Published 12:00 am Wednesday, March 30, 2011
CHARLOTTE — Fleet, a rambunctious 15-week-old golden retriever, always seems to be carrying something in his mouth.
His trainer, Andy Bunn, says that’s actually a good sign.
Golden retrievers are an easy-going, anxious-to-please breed anyway and Fleet’s love for carrying things will serve him — and Josh Craven — well.
Since losing his left leg as a soldier in Iraq and going through six surgeries toward saving his right leg, Craven has been recovering at Walter Reed Medical Center in Washington, D.C.
When he returns home to Asheboro, Craven will appreciate the help and companionship of Fleet, who in four months will be a full-fledged service dog able to do things such as fetch his master’s keys, open doors, turn on the lights or bring food from the refrigerator.
But Fleet — part of the new Carolina Patriot Rovers program — holds special meaning to another family. He is named after James Fleet McClamrock, a soldier from Concord who was killed in Iraq last September.
McClamrock’s mother, Susan, heard of the Carolina Patriot Rovers program aimed at training and certifying veteran service dogs, and she “double-dared” the Purina company to support its mission.
Purina Dog Chow selected McClamrock as one of three grand-prize winners in its national “Double Dog Dare” contest and awarded the young Patriot Rovers program a check Tuesday for $25,000.
“He is absolutely a special animal,” McClamrock said while holding Fleet Tuesday at the Star Dog Club, where he is being trained. “One of the things in losing a child is you never want them to be forgotten.”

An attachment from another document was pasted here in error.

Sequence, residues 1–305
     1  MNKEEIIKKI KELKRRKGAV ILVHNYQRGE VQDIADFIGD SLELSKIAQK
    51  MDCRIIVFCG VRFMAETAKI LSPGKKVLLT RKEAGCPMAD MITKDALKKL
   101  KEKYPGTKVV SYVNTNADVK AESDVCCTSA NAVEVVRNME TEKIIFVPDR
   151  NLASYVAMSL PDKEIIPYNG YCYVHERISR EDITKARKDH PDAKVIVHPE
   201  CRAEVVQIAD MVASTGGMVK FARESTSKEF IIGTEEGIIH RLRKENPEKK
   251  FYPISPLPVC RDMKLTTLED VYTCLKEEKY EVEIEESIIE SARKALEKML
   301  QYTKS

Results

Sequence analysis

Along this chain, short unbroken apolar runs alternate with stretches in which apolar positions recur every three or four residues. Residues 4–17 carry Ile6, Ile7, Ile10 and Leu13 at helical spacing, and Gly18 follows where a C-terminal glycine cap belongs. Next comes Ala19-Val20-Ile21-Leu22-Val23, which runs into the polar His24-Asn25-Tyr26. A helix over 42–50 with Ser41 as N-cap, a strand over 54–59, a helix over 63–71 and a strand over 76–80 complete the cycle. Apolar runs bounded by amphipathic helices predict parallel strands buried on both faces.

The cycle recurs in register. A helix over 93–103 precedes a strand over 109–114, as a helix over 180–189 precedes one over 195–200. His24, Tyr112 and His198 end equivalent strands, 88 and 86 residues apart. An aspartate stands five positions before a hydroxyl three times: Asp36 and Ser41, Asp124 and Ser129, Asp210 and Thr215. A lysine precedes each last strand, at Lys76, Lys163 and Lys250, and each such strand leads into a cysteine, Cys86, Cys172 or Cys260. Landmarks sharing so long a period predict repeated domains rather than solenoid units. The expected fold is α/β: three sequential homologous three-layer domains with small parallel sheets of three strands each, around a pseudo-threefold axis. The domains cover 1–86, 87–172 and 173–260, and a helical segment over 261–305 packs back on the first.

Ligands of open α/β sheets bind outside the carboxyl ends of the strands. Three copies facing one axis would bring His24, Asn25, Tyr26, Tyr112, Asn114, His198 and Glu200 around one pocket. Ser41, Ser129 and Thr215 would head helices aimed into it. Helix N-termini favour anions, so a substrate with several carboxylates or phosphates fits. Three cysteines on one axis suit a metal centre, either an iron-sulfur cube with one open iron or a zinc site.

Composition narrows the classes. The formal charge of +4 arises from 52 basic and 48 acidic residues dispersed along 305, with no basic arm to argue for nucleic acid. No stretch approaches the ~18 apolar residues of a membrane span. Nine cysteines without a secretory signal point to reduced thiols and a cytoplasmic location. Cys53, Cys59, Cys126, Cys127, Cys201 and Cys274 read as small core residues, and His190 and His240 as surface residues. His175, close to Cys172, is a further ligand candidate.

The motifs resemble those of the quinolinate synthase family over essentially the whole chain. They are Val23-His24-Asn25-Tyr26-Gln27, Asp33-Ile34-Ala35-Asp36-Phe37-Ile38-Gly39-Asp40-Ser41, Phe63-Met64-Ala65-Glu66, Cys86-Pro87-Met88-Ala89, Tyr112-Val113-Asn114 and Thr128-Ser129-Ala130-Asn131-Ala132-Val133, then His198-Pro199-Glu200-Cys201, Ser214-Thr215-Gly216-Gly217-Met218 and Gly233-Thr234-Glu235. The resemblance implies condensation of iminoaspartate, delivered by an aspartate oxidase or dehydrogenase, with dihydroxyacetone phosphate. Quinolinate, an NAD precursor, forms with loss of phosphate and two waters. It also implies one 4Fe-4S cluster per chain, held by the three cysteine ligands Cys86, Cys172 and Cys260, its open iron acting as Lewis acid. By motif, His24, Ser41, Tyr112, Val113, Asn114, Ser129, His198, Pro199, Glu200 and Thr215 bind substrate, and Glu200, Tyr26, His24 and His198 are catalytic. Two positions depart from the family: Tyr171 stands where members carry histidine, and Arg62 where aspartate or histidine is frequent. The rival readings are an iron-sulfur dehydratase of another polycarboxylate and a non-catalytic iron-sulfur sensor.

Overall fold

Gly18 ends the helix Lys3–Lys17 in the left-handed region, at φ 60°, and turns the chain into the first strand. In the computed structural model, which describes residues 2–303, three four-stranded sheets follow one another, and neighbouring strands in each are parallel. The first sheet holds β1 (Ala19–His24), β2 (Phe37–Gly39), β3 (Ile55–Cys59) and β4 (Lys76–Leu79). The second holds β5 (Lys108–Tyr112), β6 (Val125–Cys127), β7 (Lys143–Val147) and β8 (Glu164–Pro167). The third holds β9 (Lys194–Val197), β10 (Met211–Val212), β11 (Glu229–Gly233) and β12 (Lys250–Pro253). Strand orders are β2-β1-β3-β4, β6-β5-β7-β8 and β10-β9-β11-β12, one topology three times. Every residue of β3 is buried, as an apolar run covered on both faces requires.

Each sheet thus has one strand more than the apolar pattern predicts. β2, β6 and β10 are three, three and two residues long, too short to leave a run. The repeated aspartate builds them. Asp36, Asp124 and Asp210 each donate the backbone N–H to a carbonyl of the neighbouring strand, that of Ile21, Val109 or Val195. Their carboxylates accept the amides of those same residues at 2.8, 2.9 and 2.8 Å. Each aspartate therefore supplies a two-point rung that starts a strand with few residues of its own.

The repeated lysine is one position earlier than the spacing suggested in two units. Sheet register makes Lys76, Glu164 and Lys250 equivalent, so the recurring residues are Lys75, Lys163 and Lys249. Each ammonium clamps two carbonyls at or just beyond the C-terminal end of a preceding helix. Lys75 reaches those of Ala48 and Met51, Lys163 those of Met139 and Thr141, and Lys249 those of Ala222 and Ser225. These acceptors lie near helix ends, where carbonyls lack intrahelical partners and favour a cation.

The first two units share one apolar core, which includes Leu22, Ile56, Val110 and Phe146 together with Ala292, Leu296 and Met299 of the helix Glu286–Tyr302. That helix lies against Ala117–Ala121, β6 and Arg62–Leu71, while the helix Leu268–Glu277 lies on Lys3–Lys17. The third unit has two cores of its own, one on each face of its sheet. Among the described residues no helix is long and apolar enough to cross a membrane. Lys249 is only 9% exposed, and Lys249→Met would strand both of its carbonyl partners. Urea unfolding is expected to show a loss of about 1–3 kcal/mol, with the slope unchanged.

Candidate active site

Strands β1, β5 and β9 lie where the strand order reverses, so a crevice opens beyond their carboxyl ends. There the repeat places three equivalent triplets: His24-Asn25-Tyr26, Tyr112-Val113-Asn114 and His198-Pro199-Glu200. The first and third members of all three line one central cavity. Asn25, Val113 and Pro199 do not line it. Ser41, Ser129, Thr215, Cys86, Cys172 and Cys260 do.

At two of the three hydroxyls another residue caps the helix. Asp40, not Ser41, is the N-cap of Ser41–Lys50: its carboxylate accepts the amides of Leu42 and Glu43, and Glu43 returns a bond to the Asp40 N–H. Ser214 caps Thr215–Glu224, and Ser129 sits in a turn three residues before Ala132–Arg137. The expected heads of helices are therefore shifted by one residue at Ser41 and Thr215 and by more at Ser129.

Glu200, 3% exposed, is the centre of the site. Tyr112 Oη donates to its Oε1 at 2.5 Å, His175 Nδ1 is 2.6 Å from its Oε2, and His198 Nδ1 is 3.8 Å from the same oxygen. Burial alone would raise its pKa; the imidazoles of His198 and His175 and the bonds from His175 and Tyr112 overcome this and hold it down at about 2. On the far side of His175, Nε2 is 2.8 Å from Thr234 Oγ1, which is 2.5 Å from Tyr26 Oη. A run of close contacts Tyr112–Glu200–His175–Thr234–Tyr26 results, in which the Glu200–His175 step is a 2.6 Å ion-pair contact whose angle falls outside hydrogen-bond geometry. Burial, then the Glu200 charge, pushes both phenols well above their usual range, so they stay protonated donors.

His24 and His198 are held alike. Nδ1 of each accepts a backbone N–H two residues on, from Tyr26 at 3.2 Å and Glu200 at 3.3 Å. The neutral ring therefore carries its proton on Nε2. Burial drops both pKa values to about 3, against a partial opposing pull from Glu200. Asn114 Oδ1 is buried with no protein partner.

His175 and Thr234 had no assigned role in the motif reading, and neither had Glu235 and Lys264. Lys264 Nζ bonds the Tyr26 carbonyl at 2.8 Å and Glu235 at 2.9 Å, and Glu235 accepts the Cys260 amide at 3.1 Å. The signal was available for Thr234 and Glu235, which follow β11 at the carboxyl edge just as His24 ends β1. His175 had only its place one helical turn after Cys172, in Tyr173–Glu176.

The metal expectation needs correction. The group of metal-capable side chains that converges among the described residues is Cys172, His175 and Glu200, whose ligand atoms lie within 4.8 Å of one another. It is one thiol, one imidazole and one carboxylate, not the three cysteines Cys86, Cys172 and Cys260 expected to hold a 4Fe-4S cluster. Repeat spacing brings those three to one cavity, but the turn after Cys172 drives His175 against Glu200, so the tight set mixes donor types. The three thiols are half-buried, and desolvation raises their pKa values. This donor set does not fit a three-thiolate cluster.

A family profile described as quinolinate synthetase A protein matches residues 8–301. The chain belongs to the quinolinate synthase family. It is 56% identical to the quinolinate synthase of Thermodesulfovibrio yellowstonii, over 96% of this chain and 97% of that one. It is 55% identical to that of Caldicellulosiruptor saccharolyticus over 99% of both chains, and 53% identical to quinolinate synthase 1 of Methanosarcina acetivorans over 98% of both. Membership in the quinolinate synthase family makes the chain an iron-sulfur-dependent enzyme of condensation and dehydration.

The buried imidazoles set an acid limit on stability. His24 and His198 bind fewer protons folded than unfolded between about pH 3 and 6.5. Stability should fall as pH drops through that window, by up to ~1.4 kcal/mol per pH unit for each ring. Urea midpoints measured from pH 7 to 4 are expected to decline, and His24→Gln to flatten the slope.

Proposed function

Every time Craven says Fleet’s name in the future — and you say a dog’s name many times a day — her son will be remembered.
Susan McClamrock, her husband, Mark, and their daughter-in-law and James’ widow, Shannah, spoke with Josh and Holly Craven Tuesday through the magic of a laptop computer using a Skype video feed.
The couple watched the proceedings from Walter Reed hospital.
“It means so much just to tell him thanks for your service to the country,” Susan said.
Shannah McClamrock, 23, was able to leave her downtown Charlotte job with Wells Fargo for a brief time Tuesday to attend the Purina check presentation. She called the Patriot Rovers program “awesome.”
“I really hope he (Fleet) helps him,” Shannah said.
David Cantara’s Patriot Rovers initiative started in August, and it has slowly been training rescued golden retrievers as both therapy dogs, for veterans dealing with post-traumatic stress disorder, and service dogs, for veterans wounded in Iraq or Afghanistan.
The rescued golden retrievers usually are named for fallen soldiers or military groups such as infantries.
On hand for the Purina happening Tuesday were Ryan, named for Christopher Ryan Barton, who was killed May 24, 2010, in Afghanistan; Noah, named for Noah M. Pier, a Marine killed Feb. 16, 2010, in Afghanistan; Wyatt, named for Christopher Wyatt McCullough, an Iraqi veteran who died in October, and is buried at the Salisbury National Cemetery; Ivy, named for the 4th Infantry Division; and Deuce, named for the 22nd Infantry.